TOKYO — The earthquake's dust was still settling when Toyota's purchasing unit switched into crisis mode. And suddenly suppliers found themselves barraged with uncomfortable questions.
No detail was too small for the world's biggest car company.
Toyota wanted lists of every component made by lower tier subsuppliers usually far off the radar: The subsupplier's name, where the part is made, inventory at the subsupplier, inventory in transit, inventory in process, the target vehicle, part numbers and lead time, to name a few.
"They really want you to open your kimono," said an executive at one supplier working closely with Toyota and several other Japanese carmakers, who described the queries as unprecedented.
The scramble to assess pinch points in the supply chain entailed twice weekly meetings with his company. There was rapid strategizing about swapping out hard-to-get parts for similar, but more plentiful, components. Alternate suppliers undamaged by the quake were scouted.
And Toyota began compiling a list of at-risk suppliers — and canvassing its Tier 1s about who was using them and just how bad their exposure was, according to a series of such surveys obtained by Automotive News. A trend soon emerged: Electronics parts — everything from wafer boards and microcontrollers to connectors and electric wire — were a big worry.
Toyota Motor Corp. said April 8 it will resume limited assembly at all 18 domestic plants from April 18-27, after more than a month with all but two factories offline.
Toyota was the last automaker to restart all its plants following the March 11 earthquake that hammered Japan. But its race to grasp and fix its supply chain problems underscores the challenges faced by all of Japan's automakers as they fight to restore full production.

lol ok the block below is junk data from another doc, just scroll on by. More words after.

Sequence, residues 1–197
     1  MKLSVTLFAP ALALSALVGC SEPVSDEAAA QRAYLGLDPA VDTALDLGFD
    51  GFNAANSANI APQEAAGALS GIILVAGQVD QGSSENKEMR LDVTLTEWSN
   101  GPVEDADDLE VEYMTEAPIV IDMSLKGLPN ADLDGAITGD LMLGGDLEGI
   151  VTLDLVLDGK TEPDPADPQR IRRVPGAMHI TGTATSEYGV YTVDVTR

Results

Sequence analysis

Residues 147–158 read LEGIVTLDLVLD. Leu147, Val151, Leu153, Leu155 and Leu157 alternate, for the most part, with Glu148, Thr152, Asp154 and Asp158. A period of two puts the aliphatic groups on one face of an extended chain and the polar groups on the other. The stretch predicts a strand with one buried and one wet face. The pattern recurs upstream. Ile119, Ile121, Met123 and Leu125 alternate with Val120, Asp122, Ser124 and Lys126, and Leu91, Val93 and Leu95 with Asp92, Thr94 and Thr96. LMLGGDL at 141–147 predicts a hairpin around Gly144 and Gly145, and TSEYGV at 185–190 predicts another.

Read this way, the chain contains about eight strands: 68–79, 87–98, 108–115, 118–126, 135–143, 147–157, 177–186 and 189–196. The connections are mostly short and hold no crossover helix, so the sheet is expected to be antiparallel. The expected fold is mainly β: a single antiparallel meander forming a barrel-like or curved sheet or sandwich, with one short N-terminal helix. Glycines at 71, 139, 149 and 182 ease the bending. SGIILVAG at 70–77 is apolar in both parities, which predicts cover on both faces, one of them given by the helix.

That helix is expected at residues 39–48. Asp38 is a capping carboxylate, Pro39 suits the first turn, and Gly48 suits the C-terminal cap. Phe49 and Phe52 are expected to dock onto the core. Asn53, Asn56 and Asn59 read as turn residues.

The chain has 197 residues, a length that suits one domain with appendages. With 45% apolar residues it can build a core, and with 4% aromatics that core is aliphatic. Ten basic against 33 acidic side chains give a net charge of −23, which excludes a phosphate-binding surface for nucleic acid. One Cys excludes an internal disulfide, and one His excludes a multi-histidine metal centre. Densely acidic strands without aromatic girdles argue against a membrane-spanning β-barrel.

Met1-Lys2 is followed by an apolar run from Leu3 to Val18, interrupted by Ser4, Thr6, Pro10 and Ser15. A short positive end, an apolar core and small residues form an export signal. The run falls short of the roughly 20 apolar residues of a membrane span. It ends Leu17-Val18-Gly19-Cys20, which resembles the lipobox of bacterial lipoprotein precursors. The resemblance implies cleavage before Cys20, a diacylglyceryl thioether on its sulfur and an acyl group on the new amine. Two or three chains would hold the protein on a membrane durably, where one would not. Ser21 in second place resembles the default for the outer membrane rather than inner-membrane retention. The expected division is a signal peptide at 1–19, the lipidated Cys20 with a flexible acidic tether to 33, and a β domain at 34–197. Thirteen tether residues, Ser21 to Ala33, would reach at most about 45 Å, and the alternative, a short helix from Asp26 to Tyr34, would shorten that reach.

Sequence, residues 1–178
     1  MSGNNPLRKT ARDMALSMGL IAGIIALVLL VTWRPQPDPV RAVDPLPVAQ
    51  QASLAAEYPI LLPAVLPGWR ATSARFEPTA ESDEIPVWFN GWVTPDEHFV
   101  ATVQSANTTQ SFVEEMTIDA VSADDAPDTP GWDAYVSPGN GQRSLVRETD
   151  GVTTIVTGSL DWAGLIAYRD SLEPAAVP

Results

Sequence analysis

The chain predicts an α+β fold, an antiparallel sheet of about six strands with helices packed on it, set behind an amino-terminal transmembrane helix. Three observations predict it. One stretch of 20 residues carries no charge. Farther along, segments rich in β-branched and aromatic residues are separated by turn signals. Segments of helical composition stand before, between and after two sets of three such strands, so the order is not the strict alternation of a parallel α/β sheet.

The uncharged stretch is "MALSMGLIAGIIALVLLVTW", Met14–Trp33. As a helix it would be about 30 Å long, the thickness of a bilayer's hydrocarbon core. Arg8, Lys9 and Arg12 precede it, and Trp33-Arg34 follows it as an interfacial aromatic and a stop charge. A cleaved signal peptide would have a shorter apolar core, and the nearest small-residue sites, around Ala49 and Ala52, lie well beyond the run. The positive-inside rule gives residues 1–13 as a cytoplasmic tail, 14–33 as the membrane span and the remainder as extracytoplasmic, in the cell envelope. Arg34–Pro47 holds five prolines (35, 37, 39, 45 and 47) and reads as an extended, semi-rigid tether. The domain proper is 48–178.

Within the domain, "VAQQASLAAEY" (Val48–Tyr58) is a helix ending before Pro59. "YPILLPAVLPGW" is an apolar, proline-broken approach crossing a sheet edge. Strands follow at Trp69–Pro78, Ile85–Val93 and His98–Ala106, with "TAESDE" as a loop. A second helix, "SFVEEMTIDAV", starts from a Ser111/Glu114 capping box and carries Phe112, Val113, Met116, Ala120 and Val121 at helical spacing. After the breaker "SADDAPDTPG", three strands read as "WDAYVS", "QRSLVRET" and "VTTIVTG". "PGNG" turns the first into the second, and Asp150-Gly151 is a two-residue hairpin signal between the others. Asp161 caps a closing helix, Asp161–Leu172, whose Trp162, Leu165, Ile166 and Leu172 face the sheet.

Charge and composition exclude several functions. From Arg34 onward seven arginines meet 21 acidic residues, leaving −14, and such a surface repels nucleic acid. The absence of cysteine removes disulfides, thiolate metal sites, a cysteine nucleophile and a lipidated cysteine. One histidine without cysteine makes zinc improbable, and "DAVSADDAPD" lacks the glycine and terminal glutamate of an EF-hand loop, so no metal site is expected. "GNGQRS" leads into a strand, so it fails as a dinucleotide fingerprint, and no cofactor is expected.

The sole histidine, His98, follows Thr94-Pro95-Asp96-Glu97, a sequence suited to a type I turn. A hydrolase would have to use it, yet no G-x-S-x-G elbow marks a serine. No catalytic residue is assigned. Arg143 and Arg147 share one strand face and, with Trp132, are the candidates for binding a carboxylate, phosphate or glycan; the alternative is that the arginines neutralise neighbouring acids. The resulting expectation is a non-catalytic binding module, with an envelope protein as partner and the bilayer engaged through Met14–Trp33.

Toyota has 217 Tier 1 suppliers in Japan. As of April 1, it had pinpointed about 500 parts whose steady supply can't be guaranteed. A week later, it had narrowed that list to just 150 parts. Toyota declined to identify companies, comment on purchasing procedures or detail countermeasures, as it competes against rivals to secure parts.
But the surveys offer a glimpse. Finding some bottlenecks took up to two weeks, it shows. And four weeks after the quake, Toyota was still asking some suppliers about at-risk parts.
When a supplier was identified as sourcing from an at-risk parts maker, Toyota urged the supplier to visit the subsupplier and hammer out problems. It even provided contact information.
But some factories were closed and turning away visitors, the supplier executive says, adding: "All you could do is take a picture of you at the plant to show Toyota you tried."